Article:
‘The wall was violently destroyed by fire. The layers of ash, in beautiful pastel shades of blues, greys and pinks, suggesting brushwood or thatch as did the other fire, come right down against the stones of the foundations, showing that they were exposed when the fire took place. The brickwork, normally mud-coloured, is burnt bright red throughout, clear evidence of the strength of the conflagration ... The disaster was indeed complete, for this was the end of Early Bronze Age Jericho.’15
A revised chronology supplies the answers
Figure 5. The writer points to a layer of pink ash nearly a metre
thick, caused by intense fire in Jericho.
Click here for larger view
Because Kenyon adhered to the traditional dating she was mystified as to who these invaders were, but it was very clear to her that they did not come from within Palestine. They were a totally different people.
‘The Jericho evidence very strongly emphasises the great difference of the phase from both the preceding and the succeeding ones, a difference both in the objects in use, such as pottery and weapons, and in the entire way of life of the population. There was, certainly at Jericho, and very probably elsewhere (on the existing evidence), such a wholesale incursion of newcomers that the existing population was completely submerged.’16
She concluded that these invaders were nomads, used to living in tents, were made up of separate tribes and were a religious people.
‘It can in any case be deduced that the newcomers were concerned with things spiritual from the care they took in the disposal of the dead. Probably long before they started to build houses they were excavating elaborate tombs in the rock of the surrounding hillsides ... . The tombs fall into a number of sharply defined groups, which may be called the Dagger Tombs, the Pottery Tombs, the Square-shaft Tombs, an Outsize type which might be called the Bead type … . The newcomers had a nomadic way of life when they arrived, and it seems to me that this differentiation can be explained as evidence of a number of tribal groups, each with its own burial custom, coming together as a loose tribal confederation, living side by side on the tell and the surrounding slopes, but each retaining its own burial customs.’17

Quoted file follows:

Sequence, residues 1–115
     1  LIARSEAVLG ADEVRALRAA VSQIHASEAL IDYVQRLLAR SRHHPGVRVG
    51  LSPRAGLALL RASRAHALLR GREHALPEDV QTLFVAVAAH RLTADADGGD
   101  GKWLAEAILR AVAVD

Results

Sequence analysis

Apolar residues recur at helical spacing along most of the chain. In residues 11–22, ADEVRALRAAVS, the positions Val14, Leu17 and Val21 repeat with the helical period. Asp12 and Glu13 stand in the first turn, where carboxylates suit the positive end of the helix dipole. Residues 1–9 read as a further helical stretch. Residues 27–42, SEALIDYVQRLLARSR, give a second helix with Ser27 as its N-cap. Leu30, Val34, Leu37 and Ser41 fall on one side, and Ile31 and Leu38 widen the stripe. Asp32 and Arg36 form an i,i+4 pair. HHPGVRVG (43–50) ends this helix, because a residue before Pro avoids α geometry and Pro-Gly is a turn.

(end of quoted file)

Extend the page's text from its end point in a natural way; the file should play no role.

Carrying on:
‘Other sites in Palestine have produced evidence which can also be interpreted as showing the presence of similar tribal groups.’18
But though they were desert nomads they were highly intelligent and inventive. They quickly introduced a new and better way of life.
‘As our detailed knowledge of Palestinian archaeology has gradually increased over the past thirty years or so, it has become apparent that there was a very sharp break between the Early Bronze Age of the third millenium and the Middle Bronze Age of the first half of the second. Common everyday pots are the most sensitive barometer of a drastic change in population. There is virtually no continuity in pottery between the two periods, and it is perhaps excessive caution to use the qualifying `virtually.’ It is not merely that there is a great technical advance in potting, in that the vessels in common use in the Middle Bronze Age are made on a fast wheel, whereas those of the Early Bronze Age only show a tentative use of a slow wheel in finishing some of the vessels, but all the forms of the vessels are different. In other directions the change is equally marked; bronze, for instance, takes the place of copper as the common metal.’19
The furniture found in the tombs also demonstrated remarkable skill.
‘The joints were excellently fitted together by tenon and mortise, held together by wooden pegs; no metal was employed in the structure. The carpenters’ tools apparently consisted of ripping saws, adzes, morticing chisels, drills, and probably a lathe.’20
James Pritchard, who excavated in Gibeon in 1956, found the same type of evidence. Writing of his own discoveries at Gibeon he stated:
‘These relics of the Middle Bronze I people seem to indicate a fresh migration into the town of a nomadic people who brought with them an entirely new tradition in pottery forms and new customs in burial practices. They may have come into Palestine from the desert at the crossing of the Jordan near Jericho and may then have pushed on to settle eventually at places such as Gibeon, Tell el-Ajjul and Lachish, where tombs of this distinctive type have been found.’21